Mumbai: During the months of August and September 2019, ASCI investigated complaints against 564 advertisements, of which 179 advertisements were promptly withdrawn by the advertisers on receipt of communication from ASCI. The independent Consumer Complaints Council (CCC) of ASCI evaluated 385 advertisements, of which complaints against 344 advertisements were upheld. Of these 344 advertisements, 259belonged to the education sector, 50 belonged to the healthcare sector, eightto personal care, eight to the food & beverages sector, and 19were from the ‘others’ category.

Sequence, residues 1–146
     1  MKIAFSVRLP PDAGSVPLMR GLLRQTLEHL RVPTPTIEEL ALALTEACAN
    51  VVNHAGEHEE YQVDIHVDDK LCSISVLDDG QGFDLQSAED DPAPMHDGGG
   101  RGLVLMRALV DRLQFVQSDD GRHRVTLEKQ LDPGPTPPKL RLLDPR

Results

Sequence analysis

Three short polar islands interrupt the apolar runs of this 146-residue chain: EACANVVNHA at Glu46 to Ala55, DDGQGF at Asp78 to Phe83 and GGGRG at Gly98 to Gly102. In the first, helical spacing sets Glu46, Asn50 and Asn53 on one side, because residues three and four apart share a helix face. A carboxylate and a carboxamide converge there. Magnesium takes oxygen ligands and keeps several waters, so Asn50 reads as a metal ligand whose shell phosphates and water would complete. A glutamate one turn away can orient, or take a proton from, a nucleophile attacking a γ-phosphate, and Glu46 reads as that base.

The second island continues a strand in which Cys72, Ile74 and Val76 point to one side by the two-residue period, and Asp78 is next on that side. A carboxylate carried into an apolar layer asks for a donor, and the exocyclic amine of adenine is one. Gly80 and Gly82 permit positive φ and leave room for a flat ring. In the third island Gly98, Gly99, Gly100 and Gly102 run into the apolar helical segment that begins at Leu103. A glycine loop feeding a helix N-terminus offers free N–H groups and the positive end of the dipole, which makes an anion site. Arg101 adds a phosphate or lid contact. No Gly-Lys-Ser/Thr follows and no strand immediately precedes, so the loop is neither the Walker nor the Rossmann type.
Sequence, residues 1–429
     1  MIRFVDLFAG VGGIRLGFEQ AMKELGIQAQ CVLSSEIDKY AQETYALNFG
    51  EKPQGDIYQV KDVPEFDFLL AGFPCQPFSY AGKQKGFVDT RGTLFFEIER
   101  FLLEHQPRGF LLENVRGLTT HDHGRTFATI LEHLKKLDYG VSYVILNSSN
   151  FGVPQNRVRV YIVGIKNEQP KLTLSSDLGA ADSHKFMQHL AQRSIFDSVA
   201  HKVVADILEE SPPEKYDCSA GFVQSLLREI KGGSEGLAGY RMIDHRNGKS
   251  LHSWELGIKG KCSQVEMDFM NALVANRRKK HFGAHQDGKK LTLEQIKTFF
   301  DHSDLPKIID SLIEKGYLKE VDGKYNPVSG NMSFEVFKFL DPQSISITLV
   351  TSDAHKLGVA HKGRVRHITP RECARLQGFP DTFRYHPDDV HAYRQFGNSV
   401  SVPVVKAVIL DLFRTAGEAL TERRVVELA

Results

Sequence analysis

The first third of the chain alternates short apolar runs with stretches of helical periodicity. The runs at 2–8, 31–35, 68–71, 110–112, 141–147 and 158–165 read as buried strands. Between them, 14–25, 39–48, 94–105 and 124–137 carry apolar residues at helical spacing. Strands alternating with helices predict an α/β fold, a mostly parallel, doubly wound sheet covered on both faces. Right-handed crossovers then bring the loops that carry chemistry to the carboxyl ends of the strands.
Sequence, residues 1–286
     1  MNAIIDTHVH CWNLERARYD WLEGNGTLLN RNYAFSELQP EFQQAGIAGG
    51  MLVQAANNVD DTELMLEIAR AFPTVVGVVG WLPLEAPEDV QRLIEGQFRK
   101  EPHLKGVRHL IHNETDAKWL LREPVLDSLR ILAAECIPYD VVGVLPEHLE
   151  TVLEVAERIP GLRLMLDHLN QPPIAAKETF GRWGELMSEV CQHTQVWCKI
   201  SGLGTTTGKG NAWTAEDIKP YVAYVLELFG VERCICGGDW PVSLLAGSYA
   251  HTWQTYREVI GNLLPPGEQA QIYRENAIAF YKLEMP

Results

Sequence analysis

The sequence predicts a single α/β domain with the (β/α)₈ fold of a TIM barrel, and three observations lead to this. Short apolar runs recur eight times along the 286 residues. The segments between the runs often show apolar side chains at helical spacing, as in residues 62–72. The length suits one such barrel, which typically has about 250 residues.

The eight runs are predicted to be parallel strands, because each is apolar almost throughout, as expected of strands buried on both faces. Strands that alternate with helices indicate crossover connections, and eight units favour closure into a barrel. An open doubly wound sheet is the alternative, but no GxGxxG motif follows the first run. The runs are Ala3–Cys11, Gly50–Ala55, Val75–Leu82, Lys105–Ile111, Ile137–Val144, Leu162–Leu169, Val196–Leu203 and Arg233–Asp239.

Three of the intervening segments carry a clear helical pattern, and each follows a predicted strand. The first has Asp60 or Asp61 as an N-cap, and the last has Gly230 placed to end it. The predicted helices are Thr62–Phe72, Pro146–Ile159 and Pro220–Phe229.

There were several prominent brands in the Food and Beverage sector making comparative claims regarding the product composition, taste preferences, health benefits or market leadership. Many of the claims were not adequately substantiated. The CCC also considered the comparisons to be unfairly denigrating the entire category in which the advertiser brands were competing in. A leading dairy brand presented their butter cookies to be superior due to presence of 25% butter and 0% vegetable oil. However they made a sweeping statement that “other” butter cookies contain only 0.3% to 3% butter and 20% to 22% Vegetable Oil without presenting any verifiable evidence. Another snack brand, endorsed by a prominent cricket celebrity claimed that up to 60% of people said that their baked snack was tastier than other fried snack brands. However, this claim was not conclusively proven. The same celebrity also endorsed a leadership claim for a food supplement brand “No. 1Supplement for Men”. As this ranking was achieved in the UK and not in India, the claim was considered to be misleading. Advertisement by an edible oil brand implied that consumers should switch from their current heart oil to their product as it takes “Complete care of their heart”. Their claim stating that consumer’s current heart oil cannot fight against heart problemswas considered to be disparaging as well as it seemed likely to scare the consumer into buying the product .